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How Long Does A Milwaukee Battery Last?

Milwaukee batteries are expensive, like all high-end power tools. There really is no getting away from it. This means you want to get the most out of them, and also want to know how long they will last before starting to lose their ability to hold a charge. So just how long does a Milwaukee battery last? Let’s have a look and find out.

Cycles not time

This is the most important factor when it comes to the age of a battery. Batteries don’t age in days, weeks, months or years but rather in charge cycles.

A 10-year-old battery that sits in a garage and is infrequently used may hold more charge than a battery that is 2 years old but has been abused and gone through multiple cycles every single day.

Now it is not quite as simple as this, and the older battery will likely have numerous issues mainly due to how inferior battery tech was 10 years ago than it is now. But the general gist remains, that batteries don’t age in time but rather they age in use.

The main degrading factor for how well a battery works is how many full charge and drain cycles it has been through. A tradesman who uses his tools every single day and puts them through multiple charge cycles each and every day will kill a battery a lot quicker than a DIY user.

1000 Cycles

This is a number that gets thrown around a lot when it comes to power tool batteries. it seems to be a commonly given answer for how long a battery will last and it is probably a good guess. But it will always be that, a guess. The simple answer is no one can tell you how long your battery will last exactly as there are so many factors that can influence it.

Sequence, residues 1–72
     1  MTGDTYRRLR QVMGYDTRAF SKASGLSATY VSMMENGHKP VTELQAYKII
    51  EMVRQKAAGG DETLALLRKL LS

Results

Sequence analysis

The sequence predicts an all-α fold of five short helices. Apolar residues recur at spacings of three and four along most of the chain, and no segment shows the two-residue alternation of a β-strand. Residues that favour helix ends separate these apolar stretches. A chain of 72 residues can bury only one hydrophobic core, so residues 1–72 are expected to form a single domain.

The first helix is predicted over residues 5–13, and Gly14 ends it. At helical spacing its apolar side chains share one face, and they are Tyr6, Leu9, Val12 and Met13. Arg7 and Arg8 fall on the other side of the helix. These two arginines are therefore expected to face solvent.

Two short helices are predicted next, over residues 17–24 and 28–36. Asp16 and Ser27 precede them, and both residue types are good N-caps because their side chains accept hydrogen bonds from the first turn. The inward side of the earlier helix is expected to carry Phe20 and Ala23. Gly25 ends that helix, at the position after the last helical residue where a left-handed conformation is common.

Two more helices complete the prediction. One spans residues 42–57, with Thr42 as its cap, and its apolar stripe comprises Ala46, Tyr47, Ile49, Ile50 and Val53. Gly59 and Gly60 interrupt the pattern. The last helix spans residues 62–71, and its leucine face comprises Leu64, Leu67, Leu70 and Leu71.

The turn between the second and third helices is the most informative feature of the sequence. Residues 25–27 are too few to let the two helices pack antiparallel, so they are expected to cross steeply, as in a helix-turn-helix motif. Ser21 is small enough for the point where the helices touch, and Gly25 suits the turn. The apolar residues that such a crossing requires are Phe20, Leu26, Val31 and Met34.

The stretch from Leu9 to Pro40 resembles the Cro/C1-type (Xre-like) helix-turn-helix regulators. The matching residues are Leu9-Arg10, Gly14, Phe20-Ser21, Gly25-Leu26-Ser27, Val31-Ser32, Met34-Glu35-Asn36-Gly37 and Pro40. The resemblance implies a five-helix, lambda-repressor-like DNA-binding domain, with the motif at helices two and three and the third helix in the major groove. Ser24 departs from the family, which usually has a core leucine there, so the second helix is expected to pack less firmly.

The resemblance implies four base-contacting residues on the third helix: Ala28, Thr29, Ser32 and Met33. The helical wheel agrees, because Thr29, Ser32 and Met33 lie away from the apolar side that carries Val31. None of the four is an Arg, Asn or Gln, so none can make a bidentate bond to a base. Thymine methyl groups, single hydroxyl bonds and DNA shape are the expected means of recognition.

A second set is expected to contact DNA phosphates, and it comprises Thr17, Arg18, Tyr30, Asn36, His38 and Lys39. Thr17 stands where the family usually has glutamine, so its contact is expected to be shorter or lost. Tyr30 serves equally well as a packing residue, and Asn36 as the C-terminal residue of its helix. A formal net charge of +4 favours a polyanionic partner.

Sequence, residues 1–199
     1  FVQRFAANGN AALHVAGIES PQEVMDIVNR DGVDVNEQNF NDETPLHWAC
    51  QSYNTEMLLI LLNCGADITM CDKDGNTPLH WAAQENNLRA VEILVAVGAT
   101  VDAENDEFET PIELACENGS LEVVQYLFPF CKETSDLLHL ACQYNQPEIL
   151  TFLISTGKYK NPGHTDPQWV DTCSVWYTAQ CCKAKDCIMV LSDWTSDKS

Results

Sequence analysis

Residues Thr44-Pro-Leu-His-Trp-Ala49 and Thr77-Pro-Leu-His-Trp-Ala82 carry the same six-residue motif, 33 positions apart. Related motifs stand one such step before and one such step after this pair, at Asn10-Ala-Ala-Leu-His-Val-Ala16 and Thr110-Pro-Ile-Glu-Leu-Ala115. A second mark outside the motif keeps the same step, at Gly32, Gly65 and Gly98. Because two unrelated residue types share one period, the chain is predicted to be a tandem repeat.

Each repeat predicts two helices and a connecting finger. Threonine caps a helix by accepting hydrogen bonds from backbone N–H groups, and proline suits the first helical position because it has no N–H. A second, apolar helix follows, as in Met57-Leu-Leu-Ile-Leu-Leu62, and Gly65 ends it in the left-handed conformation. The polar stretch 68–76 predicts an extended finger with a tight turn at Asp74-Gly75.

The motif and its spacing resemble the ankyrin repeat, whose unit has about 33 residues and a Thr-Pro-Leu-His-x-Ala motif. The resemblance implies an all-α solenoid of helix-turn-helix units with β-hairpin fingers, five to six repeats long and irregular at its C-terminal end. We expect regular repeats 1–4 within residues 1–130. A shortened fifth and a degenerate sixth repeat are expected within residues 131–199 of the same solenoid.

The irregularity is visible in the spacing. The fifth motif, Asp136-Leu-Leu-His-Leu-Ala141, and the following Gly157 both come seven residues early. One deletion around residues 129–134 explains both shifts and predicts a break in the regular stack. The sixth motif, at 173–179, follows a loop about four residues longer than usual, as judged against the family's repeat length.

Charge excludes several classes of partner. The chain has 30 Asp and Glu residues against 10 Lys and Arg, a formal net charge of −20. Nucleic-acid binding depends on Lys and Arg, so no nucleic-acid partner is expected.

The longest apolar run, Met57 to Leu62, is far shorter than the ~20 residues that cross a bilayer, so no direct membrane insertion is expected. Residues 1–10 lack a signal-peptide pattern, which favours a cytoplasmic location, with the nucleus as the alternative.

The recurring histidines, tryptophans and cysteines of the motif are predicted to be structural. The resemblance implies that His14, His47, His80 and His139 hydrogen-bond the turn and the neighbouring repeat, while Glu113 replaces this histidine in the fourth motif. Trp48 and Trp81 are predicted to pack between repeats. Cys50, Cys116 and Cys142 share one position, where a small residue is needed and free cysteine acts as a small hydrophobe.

Things as simple as the temperature can affect the battery to quite a large amount, it is pretty well known now that Lithium-Ion batteries really don’t like the cold. A problem many electric car owners will be all too aware of. So if you work outdoors in sub-zero conditions often then expect your batteries to have a shorter lifespan than normal.

Then there is also the fact that not every cycle is the same, and not every battery pack is the same either. Constantly charging your battery back up when it has only lost a little charge can actually reduce the lifespan of the battery, which is something that tends to happen to peoples smartphones when they get plugged in on 60% charge.

The electronics within the battery can also play a large part in its lifespan. Many manufacturers have lots of tech going on in that little circuit board in your battery. They have features like overcharge protection and low voltage cut out which can help to increase the life of the battery. All manufacturers do this slightly different which can make it hard to compare batteries across different companies.